Putting the Math Cart Before the Counting Horse

If we are to improve our schools, we need research-based instruction.  Student achievement increases when we use instruction and interventions that are proven effective.  Do what works, and see the results.  It is an easy concept to spout, but a far harder one to put into practice.

Since the release of the National Reading Panel report in April of 2000, many have called for the adoption of scientifically based practice in reading and English-Language Arts classrooms throughout the nation.  We all know every student should be reading at grade level, particularly by the time they hit fourth grade.  Most of us know what it takes to get a child to read proficiently.  And some are unrelenting in ensuring that scientifically based reading is the one and only standard when it comes to our classrooms.

But what about math?  With the passage of NCLB, we all know that reading and math are the lighthouses for student achievement (with science shortly coming online).  Where are the similar demands for scientifically based math instruction in the classroom?  Isn’t it just as important to do what we know works, to do what is proven effective in teaching children math skills?  After all, we consistently use math as that great barometer to determining if our students have the chops to compete with students across the globe.

For those who missed it, last week Congress declared its intention to fund nearly $100 million in math instruction grants under Math Now, part of the America COMPETES Act.  If you didn’t see it, Sean Cavanagh and Education Week have the story — http://www.edweek.org/ew/articles/2007/09/26/05mathnow.h27.html.

Sure, it’s easy to compare Math Now with Reading First, at least from Eduflack’s perch.  For RF, $1 billion a year to start.  For Math Now, $95 million (though supporters sought $250 million).  Both designed to support the adoption of instructionally sound practice.  Both desperately needed, particularly in our struggling schools.

There is one major difference, though.  Reading First was designed to put National Reading Panel and National Academies of Sciences’ research on how best to teach children to read into practice.  We identify what works and put our money behind it.  On the whole, the effort has been successful.  Like just about everything, the program needs improvement (the sort of improvements most government programs can learn from).  Reading First should be strengthened, tightened, and faced with greater oversight, ensuring that only truly research-based programs are receiving funding.  Our taxpayer dollars shouldn’t be going to fund promises or pledges or hopes or silver bullets.  We expect results.  We pay for what works.  That was the promise that Reading First made, a promise many are still waiting to be fulfilled.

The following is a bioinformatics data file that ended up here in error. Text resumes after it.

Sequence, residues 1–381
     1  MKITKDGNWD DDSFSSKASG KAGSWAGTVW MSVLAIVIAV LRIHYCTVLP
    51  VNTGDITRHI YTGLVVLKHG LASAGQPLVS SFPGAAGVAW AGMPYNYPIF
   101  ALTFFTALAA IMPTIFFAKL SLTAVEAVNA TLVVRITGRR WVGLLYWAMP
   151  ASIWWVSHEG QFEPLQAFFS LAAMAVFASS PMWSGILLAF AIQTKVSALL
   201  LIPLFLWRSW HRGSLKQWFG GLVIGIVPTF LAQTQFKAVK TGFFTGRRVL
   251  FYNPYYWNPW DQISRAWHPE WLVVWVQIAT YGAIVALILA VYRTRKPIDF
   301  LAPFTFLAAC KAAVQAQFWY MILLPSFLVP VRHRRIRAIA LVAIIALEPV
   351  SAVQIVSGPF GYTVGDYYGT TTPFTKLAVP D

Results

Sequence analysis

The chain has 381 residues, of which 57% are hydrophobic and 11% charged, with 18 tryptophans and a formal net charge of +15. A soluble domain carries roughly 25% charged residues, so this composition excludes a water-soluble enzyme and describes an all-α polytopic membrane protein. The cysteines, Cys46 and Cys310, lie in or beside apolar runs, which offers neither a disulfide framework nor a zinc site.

Which takes us back to math.  Last year, the U.S. Department of Education announced the formation of the National Mathematics Advisory Panel.  The Math Panel’s findings are expected early next year, and the charge is to do for math research much of what the NRP did for reading research.  The panel is to tell us what works in teaching math, identifying the most effective and replicable instruction for empowering our students with math ability.

Makes you ask, then, what Math Now is based on, if the Math Panel’s findings aren’t due for another six months or so?  Unfortunately, this may be yet another example of rhetoric not quite aligning with practice.  Math Now is throwing its support behind initiative that are “research-based and have a demonstrated record of effectiveness.”  Shouldn’t we be waiting for the Math Panel to issue its report, detailing what the research base is and what the data tells us about effective math instruction?

Yes, it is important that we signal we are moving beyond the status quo.  We need to communicate a unifying commitment to boost student achievement.  And we need to pledge our support for research-based instruction and interventions that are proven to work.  Anything short of that, we are throwing good money after bad, with no hope of truly fixing the problem.

The America COMPETES Act is well-meaning legislation.  And Math Now is a good idea with real potential.  We just need to make sure it has the research support, the strong oversight, the cadre of advocates, and the effective communication to succeed.  Education reform cannot afford another “half-way” attempt at improving instruction of a core subject matter.  If we don’t take all of the necessary steps — research, policy, and communications — we will never solve the equation.

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